Common symptoms include:

  • Tingling or numbness. Usually the thumb and index, middle or ring fingers are affected, but not your little finger. Sometimes there is a sensation like an electric shock in these fingers. The sensation may travel from your wrist up your arm.
  • Weakness.

Risk factors include:

  • Anatomic factors. A wrist fracture or dislocation, or arthritis that deforms the small bones in the wrist, can alter the space within the carpal tunnel and put pressure on the median nerve.
  • Sex. Carpal tunnel syndrome is generally more common in women.
  • Nerve-damaging conditions. Such as diabetes.
  • Inflammatory conditions. Such as rheumatoid arthritis.
  • Obesity. Being obese is a significant risk factor for carpal tunnel syndrome.
  • Alterations in the balance of body fluids. Fluid retention may increase the pressure within your carpal tunnel, irritating the median nerve. This is common during pregnancy and menopause. Carpal tunnel syndrome associated with pregnancy generally resolves on its own after pregnancy.
  • Other medical conditions. Certain conditions, such as menopause, obesity, thyroid disorders and kidney failure, may increase your chances of carpal tunnel syndrome.
  • Workplace factors. It’s possible that working with vibrating tools or on an assembly line that requires prolonged or repetitive flexing of the wrist may create harmful pressure on the median nerve or worsen existing nerve damage.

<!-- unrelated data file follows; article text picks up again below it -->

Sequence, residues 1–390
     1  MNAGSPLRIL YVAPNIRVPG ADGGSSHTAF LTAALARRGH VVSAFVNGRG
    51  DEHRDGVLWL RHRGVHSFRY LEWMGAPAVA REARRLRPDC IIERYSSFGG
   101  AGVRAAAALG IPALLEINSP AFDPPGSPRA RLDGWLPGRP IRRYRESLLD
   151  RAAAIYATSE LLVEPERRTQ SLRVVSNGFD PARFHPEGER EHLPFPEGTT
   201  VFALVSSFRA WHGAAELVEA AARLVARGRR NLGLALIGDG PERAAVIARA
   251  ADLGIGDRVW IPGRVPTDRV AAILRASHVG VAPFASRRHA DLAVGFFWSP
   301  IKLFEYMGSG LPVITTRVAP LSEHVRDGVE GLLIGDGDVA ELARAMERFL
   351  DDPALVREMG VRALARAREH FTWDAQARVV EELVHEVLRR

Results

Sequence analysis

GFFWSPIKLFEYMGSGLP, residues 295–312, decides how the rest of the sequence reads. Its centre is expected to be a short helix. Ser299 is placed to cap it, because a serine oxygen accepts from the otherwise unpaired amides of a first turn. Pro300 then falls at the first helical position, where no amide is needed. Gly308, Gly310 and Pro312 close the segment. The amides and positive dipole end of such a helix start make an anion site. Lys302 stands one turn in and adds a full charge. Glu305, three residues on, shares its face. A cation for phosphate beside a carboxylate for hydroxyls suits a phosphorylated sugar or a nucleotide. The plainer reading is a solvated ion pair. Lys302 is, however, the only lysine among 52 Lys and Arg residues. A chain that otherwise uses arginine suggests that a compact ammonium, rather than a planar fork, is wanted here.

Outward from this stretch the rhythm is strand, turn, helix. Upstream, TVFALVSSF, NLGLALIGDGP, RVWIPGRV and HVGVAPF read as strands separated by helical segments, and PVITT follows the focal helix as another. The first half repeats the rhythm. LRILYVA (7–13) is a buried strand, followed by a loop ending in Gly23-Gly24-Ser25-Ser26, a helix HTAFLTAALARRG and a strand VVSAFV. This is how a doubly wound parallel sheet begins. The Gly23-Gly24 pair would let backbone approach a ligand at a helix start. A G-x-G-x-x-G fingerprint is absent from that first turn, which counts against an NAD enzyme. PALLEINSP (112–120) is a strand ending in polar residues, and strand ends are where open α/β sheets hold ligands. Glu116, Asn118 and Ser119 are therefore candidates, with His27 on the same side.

Preventions:

  • Reduce your force and relax your grip. If your work involves a cash register or keyboard, for instance, hit the keys softly. For prolonged handwriting, use a big pen with an oversized, soft grip adapter and free-flowing ink.
  • Take frequent breaks. Gently stretch and bend hands and wrists periodically. Alternate tasks when possible. This is especially important if you use equipment that vibrates or that requires you to exert a great amount of force.
  • Watch your form. Avoid bending your wrist all the way up or down. A relaxed middle position is best. Keep your keyboard at elbow height or slightly lower.
  • Improve your posture. Incorrect posture rolls shoulders forward, shortening your neck and shoulder muscles and compressing nerves in your neck. This can affect your wrists, fingers and hands.
  • Change your computer mouse. Make sure that your computer mouse is comfortable and doesn’t strain your wrist.
  • Keep your hands warm. You’re more likely to develop hand pain and stiffness if you work in a cold environment. If you can’t control the temperature at work, put on fingerless gloves that keep your hands and wrists warm.

Treatments:

Nonsurgical therapy

  • Wrist splinting.
  • Nonsteroidal anti-inflammatory drugs (NSAIDs).
  • Corticosteroids.

Surgery

  • Endoscopic surgery.
  • Open surgery.

carpal tunnel release - mayo—— from Mayo Clinic

Acupuncture and Carpal tunnel syndrome: